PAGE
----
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Is Your Music Taste Making You Unproductive At Work?

Emerging from a creative rut can be tricky. That’s why we’ve partnered with Samsung Galaxy as part of its FlipSide campaign to help you step out of your comfort zone and get your creative juices flowing.
We all do what we can to get through the workday. For some, it's rotating between three drinks — one for hydration, one for caffeination, and one for a little treat. For others, it's ensuring a queued lineup of episodes from a 00's teen sitcom is ready to go as soon as the workday ends.
And, of course, there's curating the perfect 'work' playlist and blasting it through a Bluetooth speaker (or through your Galaxy Z Flip4 sitting beside you for easy playlist access) all day.
We've all seen the TikToks of 20-somethings blasting downtempo techno and house music at 8am on a Monday while they're filling out spreadsheets — but is it actually helping them get work done?
Music has the power to inspire us, energise us and literally release dopamine in the same way that eating something tasty does. While those qualities may seem like the ideal recipe for getting through tasks at a rapid pace, there are factors to consider when choosing a soundtrack for your workday.

What Are The Benefits Of Listening To Music While Working?

Office workers have spent the majority of the last two years working from home. While that has come with many benefits (lunchtime Pilates and dog cuddles have been a godsend), workers have faced a slew of new distractions to battle — from noisy, inconsiderate housemates to the prevailing temptation of procrastinating with housework. For many, popping in noise-cancelling earbuds and listening to music has been a source of much reprieve in these situations.
According to a study conducted by Macquarie University this year, listening to music while studying or trying to focus on work can be helpful for some people — in certain situations. They found that music calmed down students who were finding material particularly stressful and that it could act as a source of inspiration for creative tasks.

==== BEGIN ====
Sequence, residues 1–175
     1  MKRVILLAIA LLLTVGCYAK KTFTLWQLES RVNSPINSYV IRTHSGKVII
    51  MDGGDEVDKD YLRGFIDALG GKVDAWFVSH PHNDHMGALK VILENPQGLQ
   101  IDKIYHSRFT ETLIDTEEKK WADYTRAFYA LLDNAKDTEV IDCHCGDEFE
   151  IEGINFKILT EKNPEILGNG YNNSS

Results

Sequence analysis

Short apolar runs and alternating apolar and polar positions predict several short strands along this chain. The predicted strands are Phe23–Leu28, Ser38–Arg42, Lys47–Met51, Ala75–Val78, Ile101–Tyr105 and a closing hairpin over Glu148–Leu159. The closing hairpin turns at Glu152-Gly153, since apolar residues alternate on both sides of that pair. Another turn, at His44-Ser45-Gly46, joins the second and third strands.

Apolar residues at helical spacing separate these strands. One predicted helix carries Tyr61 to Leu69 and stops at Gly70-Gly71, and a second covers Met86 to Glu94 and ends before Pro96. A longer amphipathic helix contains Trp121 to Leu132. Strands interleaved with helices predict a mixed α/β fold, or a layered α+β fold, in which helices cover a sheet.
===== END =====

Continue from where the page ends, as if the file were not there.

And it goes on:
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While the fact that we all have a strong emotional connection to our favourite music contributes to this, there are deeper reasons. Music has the potential to take a person from the 'Beta' brainwave state to deeper 'Alpha', as it activates both the left and right brain at the same time. Studies have also shown that music has the potential to improve cognitive abilities, improve memory and, of course, increase motivation toward tasks we don't often look forward to. Who needs sugar (or caffeine) when the 3 pm slump hits if music exists? Getting back on task and flipping your day before those 5:30 deadlines hit could be a matter of picking the right artist to help you along.
If you're combining this, with using devices from Samsung's Galaxy Z Series, which was designed for creative multitasking, you'll be pumping through tasks in no time.
I've been loving my co-worker Michael's 'focus' playlist — it's full of low-key RnB, electronic and gentle singer-songwriter music, which makes it perfect for busy office days.
While these benefits all sound like huge motivators to start pumping tunes the second you clock on, what kind of music will actually achieve these results?
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What Are The Best & Worst Kinds Of Music For Productivity?

You've probably encountered hundreds of 'work' or 'study' related playlists on Spotify or have seen YouTube's famous 'lofi hip hop radio' pop up in your suggested viewing. So, what makes them particularly good for productivity?
There are multiple studies that prove the benefits of listening to classical music while knuckling down on a task. Ambient music has also been shown to boost productivity, as it lacks a beat. Different kinds of EDM (like house or techno) can have a hypnotic effect due to their repetitive nature.
On the flip side, lyric-heavy music isn't often great for concentration. Sadly, 'All Too Well' (10-Minute Version), might not be the best tune to pop on if you're working to a deadline.
“Music that contains lyrics is often distracting because the verbal information expressed through lyrics can interfere with, or become confused with, any verbal information you are trying to read, comprehend, or memorise for an exam,” says Dr Kirk Olsen of Macquarie University's School of Psychological Sciences.
“If the music is fast and loud, or contains a lot of changes in dynamics, it has a greater chance of capturing your attention, pulling your focus away from what you’re trying to concentrate on, and towards the specific qualities of the music,” he adds.
While there is science behind what music is best for productivity, the music that is best for productivity is music that you actually enjoy. As we've already stated, we all do what we can to get through the workday, and if pumping 'Renaissance' for the 100th time does the trick, so be it. At the end of the day, it's what works for you and your job, so you don't have to throw away what makes it enjoyable for you.
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